Showing 20 articles starting at article 1
Published Why men, wealthy people and maritime residents are more likely to develop skin cancer (via sciencedaily.com)
A new study examines why people living in Atlantic regions are more at-risk for developing melanoma than other Canadians, providing lessons on skin cancer prevention for the whole country. To find out why, the researchers compared UV exposure and behaviours among different groups in Atlantic Canada based on income, education, and gender, among other factors.
Published Why does skin get 'leathery' after too much sun? Bioengineers examine cellular breakdown (via sciencedaily.com)
A study explores how ultraviolet radiation can alter the microstructure of human skin. Particularly affected is collagen, the fibrous protein that binds together tissue, tendon, cartilage and bone throughout our bodies.
Published Exposure therapy to feared foods may help kids with eating disorders (via sciencedaily.com) Original source
Whether you're afraid of dogs, needles or enclosed spaces, one of the most effective interventions for this type of anxiety disorder is exposure therapy in which you confront your fear in a safe environment. A new study finds that exposure therapy is also a promising treatment for adolescents with eating disorders. They found that exposure to feared foods -- such as candy bars and pizza -- helped kids who were in a partial hospitalization program for eating disorders experience decreased anxiety toward food.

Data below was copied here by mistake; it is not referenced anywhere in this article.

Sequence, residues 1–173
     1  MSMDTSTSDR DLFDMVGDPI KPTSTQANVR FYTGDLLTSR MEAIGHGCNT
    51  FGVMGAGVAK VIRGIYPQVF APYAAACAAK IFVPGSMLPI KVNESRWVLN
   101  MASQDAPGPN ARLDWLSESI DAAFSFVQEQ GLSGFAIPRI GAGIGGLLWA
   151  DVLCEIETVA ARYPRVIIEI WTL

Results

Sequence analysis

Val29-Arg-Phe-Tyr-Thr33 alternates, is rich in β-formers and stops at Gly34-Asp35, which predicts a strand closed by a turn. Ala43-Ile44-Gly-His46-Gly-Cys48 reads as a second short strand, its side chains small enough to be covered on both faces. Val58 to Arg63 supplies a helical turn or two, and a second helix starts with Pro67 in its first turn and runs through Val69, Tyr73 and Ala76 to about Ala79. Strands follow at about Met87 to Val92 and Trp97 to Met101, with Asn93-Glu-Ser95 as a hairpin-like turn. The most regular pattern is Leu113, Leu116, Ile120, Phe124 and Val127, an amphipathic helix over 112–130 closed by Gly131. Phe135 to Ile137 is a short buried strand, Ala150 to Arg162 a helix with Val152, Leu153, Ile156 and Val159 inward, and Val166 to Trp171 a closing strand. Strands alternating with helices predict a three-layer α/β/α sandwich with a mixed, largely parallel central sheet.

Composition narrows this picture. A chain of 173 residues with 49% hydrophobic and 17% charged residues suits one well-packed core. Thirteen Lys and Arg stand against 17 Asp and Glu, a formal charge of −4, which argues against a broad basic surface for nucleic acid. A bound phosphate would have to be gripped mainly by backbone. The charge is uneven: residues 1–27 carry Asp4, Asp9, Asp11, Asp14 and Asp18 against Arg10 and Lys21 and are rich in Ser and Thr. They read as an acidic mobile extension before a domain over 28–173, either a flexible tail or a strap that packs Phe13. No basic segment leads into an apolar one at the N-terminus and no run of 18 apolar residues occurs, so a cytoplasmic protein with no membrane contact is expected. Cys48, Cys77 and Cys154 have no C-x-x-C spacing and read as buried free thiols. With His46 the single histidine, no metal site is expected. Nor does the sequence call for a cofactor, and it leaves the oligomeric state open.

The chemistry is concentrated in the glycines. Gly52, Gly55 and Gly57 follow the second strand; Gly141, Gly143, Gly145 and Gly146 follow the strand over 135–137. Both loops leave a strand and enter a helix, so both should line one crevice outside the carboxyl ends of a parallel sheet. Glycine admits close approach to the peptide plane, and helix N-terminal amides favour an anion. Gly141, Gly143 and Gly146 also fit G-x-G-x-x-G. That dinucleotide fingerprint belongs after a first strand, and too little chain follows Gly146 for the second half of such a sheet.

Published Boosting the body's anti-viral immune response may eliminate aging cells (via sciencedaily.com) Original source
Aging cells express a protein that is produced by human cytomegalovirus and is targeted by certain immune cells in the body. Harnessing the immune response to this protein could have multiple health benefits during aging.
Published Scientists see anti-aging potential in an invasive weed (via sciencedaily.com) Original source
The fruit of the cocklebur plant, which grows worldwide and is often considered a noxious weed, has antioxidant and anti-inflammatory components that could make it useful as a skin protectant, according to new research.
Published Simple laser treatments may help prevent nonmelanoma skin cancer (via sciencedaily.com) Original source
In a study of patients with a history of facial keratinocyte carcinoma, 20.9% of those treated with nonablative fractional lasers experienced a subsequent keratinocyte carcinoma, compared with 40.4% of patients who did not receive laser treatment.
Published Body Dissatisfaction Can Lead to Eating Disorders at Any Age (via sciencedaily.com) Original source
Eating disorders are stereotypically associated with adolescents and young adults. Growing evidence, however, suggests that these conditions can occur at any time during a woman's lifespan, including at midlife. A new study finds that body dissatisfaction is a primary cause of eating disorders, especially during perimenopause.
Published In cells, UV-emitting nail polish dryers damage DNA and cause mutations (via sciencedaily.com) Original source
The ultraviolet nail polish drying devices used to cure gel manicures may pose more of a public health concern than previously thought. Researchers studied these ultraviolet (UV) light-emitting devices, and found that their use leads to cell death and cancer-causing mutations in human cells.
Published Scars mended using transplanted hair follicles (via sciencedaily.com)
Researchers have found that hair follicle transplants can promote scar rejuvenation by altering their architecture and genetic makeup.
Published Scientists uncover possible neural link between early life trauma and binge-eating disorder (via sciencedaily.com) Original source
Research has revealed how a pathway in the brain that typically provides signals to stop eating may be altered by early life trauma. The discovery, obtained from studies in mice adds new perspective to binge eating and obesity.